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01519--Write a note on immediate inferences.




Standard-form categorical propositions with the same subject and predicate terms can be aligned in a traditional square of opposition that shows certain immediate inferences that can be drawn from the truth or falsity of one of them, based on such intuitive relationships as contradiction, contrariness, subcontrariness, and subalternation. Statements about empty classes, however, generate problems with this traditional square. All of the legitimate immediate inferences can be used to manipulate the various propositions in an extended argument so as to help put the argument itself in standard form.


I

Standard-form categorical propositions with the same subject and predicate terms can be aligned in a traditional square of opposition. 


II

Each of the four corners can be obverted (change quality and replace predicate with its complement).  The I and E corners can be converted (switch subject and predicate).  The A and O corners can be contraposed (replace subject and predicate with their complements).










                                                                

                                                                          III                                                                             

The square of opposition highlights relationships between standard-form categorical propositions with the same subject and predicate terms that enable certain further immediate inferences to be drawn from the truth or falsity of one of them, as long as none of the classes mentioned is empty (null).  

Contradictories (A and O, E and I) differ from each other in both quality and quantity, with the result that contradictories always have opposite truth values. If a statement is true, then its contradictory is false (and vice versa, this being a two-way street).

Contraries (A and E) are universal claims that differ from each other in quality but not in quantity, with the result that while they can both be false, they cannot both be true. However, null classes—those that do not have any members at all, for example, round squares—lead to problems. 

Subcontraries (I and O) are particular claims that differ from each other in quality but not in quantity, with the result that while they can both be true, they cannot both be false. Null classes, however, present problems.

Subalternation is the relationship between a universal claim and its dependent or hanging particular claim. Thus, a statement and its subalternate differ from each other in quantity but not in quality, with the result that if a statement is true, its subalternate is also true (but not vice versa, this being a one-way street).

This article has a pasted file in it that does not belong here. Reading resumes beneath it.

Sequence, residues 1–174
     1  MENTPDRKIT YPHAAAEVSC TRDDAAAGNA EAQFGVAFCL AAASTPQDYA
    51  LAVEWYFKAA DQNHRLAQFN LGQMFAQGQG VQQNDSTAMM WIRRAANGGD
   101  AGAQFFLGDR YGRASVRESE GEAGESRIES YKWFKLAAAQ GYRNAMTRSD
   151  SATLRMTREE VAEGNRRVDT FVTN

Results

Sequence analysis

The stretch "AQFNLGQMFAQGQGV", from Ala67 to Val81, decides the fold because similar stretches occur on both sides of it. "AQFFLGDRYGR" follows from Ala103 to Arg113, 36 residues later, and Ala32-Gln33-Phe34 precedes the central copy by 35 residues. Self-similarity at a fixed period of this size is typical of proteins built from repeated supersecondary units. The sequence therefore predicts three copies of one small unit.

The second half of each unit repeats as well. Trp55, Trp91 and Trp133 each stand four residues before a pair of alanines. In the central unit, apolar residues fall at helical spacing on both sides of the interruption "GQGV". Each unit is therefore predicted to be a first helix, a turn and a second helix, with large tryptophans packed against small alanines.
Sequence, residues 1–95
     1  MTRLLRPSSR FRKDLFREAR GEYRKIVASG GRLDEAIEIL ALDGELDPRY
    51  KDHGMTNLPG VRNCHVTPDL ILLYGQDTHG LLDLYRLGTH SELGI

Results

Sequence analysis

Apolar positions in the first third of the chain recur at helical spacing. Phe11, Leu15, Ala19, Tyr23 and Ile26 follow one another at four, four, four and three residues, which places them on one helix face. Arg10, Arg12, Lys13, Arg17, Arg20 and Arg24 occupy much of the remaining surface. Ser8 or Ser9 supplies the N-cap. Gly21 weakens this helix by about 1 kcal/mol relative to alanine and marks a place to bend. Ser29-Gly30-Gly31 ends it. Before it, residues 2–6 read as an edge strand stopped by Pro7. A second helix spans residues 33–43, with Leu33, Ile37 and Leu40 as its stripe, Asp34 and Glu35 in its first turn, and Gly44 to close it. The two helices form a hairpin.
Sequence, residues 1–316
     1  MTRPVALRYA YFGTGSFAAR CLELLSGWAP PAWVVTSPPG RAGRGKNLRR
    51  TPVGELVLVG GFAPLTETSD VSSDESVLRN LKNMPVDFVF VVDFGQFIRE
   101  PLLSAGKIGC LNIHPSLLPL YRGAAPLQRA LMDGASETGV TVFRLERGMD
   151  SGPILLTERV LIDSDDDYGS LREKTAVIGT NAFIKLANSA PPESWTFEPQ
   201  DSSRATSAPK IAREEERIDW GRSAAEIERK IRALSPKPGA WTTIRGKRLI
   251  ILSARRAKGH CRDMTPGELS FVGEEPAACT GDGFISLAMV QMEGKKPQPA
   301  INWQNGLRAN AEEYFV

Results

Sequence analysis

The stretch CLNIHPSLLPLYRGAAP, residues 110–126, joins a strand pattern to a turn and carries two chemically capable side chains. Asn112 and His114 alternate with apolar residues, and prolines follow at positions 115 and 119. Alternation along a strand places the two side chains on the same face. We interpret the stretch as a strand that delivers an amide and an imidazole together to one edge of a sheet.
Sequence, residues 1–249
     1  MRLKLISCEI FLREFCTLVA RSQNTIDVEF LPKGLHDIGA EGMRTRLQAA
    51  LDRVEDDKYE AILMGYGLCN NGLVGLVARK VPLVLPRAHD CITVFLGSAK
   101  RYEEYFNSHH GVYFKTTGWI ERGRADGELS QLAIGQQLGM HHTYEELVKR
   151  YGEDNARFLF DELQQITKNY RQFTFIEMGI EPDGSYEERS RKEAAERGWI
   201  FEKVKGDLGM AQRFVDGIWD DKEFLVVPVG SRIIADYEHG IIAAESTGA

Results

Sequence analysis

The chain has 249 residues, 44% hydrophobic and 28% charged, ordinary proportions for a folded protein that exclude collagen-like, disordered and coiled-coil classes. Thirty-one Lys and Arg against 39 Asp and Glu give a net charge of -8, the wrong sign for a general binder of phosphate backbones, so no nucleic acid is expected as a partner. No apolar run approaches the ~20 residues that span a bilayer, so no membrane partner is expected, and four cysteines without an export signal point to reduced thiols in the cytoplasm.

1. However, null classes again present problems.

2. The view of ancient logicians that you could convert a universal proposition “by limitation”—by moving to the subalternate of the universal proposition—does not hold if the class is empty. 

3. For example, “All round squares are truly remarkable,” seems true, but “There is at least one truly remarkable round square” is clearly false.

IV

The various immediate inferences can be used to modify the propositions in an argument so as to (a) have each one begin properly with its quantity indicator and (b) reduce the number of terms that occur in it to the three that a syllogism can handle.

A. If one of the statements in an argument amounts to the denial of a standard-form proposition (e.g., “Not all Greeks are Athenians”), one may appeal to the rule of contradiction to replace that denial with the assertion of its contradictory (in this case, “Some Greeks are not Athenians”).

B. If two of the statements in an argument employ complementary terms (e.g., heroes and non-heroes), one may obvert one of them, thus ensuring that both propositions are about the same set.

C. If one of the statements in an argument amounts to the denial of an I proposition (e.g., “It is not the case that some wolves are strict vegetarians”), one may appeal to the rule of subcontraries (or to the rules of contradiction and subalternation) to replace that denial with the assertion of its corresponding O proposition (“Some wolves are not strict vegetarians”). This is highly problematic, however, if the subject term names a null class (as in “It is not the case that some unicorns are carnivores”). We shall examine this problem in Lecture Eight.

D. The same thing can be done with the denial of an O proposition, to replace it with the assertion of its corresponding I, but this is also problematic when null classes are in play.  E. Once the statements in an argument are cleaned up, the argument itself can be put in standard form and assessed for validity in terms of formal rules, as we shall see in Lecture Eight.

[Courtesy: Professor James Hall]


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